Industrial coating

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An industrial coating is a paint or coating defined by its protective, rather than its aesthetic properties, although it can provide both.

The most common use of industrial coatings is for corrosion control of steel structures such as offshore platforms, bridges and underground pipelines. Other functions include intumescent coatings for fire resistance. The most common polymers used in industrial coatings are polyurethane, epoxy and moisture-cure urethane. Another highly common polymer used in industrial coating is a fluoropolymer. There are many types of industrial coatings including inorganic zinc, phosphate, and Xylan and PVD coatings.

NACE International and The Society for Protective Coatings (SSPC) are professional organizations involved in the industrial coatings industry.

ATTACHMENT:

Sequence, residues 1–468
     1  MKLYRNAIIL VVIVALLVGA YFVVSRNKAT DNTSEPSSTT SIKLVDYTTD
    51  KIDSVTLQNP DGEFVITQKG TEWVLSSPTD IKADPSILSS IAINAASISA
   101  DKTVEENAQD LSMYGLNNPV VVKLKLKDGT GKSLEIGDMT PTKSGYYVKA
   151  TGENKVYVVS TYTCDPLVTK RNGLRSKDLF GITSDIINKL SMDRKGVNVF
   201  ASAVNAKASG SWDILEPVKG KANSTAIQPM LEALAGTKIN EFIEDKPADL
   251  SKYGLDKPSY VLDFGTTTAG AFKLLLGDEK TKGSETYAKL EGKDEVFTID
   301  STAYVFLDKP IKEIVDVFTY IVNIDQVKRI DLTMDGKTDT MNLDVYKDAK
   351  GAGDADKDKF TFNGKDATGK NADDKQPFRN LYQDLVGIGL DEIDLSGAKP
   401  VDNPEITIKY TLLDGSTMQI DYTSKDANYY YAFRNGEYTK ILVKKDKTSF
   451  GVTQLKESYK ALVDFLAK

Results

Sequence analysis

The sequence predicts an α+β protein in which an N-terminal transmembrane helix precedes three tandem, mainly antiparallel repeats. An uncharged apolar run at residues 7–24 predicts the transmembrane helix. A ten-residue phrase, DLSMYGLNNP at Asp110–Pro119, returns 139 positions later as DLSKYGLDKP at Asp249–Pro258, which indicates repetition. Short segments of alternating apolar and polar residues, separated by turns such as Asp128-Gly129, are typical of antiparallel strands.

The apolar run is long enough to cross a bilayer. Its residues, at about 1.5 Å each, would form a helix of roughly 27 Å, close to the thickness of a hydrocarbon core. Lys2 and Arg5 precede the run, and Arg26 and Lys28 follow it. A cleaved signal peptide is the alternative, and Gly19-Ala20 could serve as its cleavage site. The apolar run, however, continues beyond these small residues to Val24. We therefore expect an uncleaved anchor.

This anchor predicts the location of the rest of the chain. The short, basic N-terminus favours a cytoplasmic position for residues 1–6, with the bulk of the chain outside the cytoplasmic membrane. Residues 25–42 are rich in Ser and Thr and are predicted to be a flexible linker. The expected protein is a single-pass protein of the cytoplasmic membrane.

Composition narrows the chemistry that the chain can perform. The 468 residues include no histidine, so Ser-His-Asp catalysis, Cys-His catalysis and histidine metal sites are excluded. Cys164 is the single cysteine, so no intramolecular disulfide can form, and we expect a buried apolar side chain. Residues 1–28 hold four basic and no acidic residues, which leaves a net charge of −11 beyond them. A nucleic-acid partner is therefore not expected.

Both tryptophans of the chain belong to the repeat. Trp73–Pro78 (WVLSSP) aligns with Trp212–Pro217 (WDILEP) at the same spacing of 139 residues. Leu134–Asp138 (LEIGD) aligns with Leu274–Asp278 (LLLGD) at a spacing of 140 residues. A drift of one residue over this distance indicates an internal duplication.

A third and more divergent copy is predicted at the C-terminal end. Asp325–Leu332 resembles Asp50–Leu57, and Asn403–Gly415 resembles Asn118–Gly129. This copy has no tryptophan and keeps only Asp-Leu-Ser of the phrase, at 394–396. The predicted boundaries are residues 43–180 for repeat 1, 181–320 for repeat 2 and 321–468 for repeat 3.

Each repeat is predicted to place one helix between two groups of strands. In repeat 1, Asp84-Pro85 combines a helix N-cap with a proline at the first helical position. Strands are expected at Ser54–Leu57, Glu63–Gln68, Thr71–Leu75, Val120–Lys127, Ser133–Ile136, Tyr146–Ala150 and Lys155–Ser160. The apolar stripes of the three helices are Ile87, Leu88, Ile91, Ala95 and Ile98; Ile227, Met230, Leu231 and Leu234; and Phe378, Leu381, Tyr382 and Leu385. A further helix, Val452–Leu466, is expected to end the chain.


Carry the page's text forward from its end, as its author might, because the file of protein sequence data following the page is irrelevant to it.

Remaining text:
Industrial coatings are often composites of various substances. For example Xylan dry-film lubricants are composites of fluoropolymers (typically PTFE, PFA, and FEP) and reinforcing thermoset polyimide and polyamide binder resins initially suspended in a variety of solvents (such as ethyl acetate, xylene, dimethlformamide, and N-methyl 2-yrrolidone).

A typical coating system may include a primer, an intermediate coat, and a top coat. The polymer film acts as a physical barrier between the steel substrate and the corrosive environment such as atmosphere, water and soil.[1] Industrial coatings are also available as garage floor coatings such as epoxy, polyurea, and polyaspartic.

References[edit]

Further reading[edit]

  • Paolo Nanetti: Coatings from A to Z, Vincentz Verlag, Hannover, 2006, ISBN 3-87870-173-X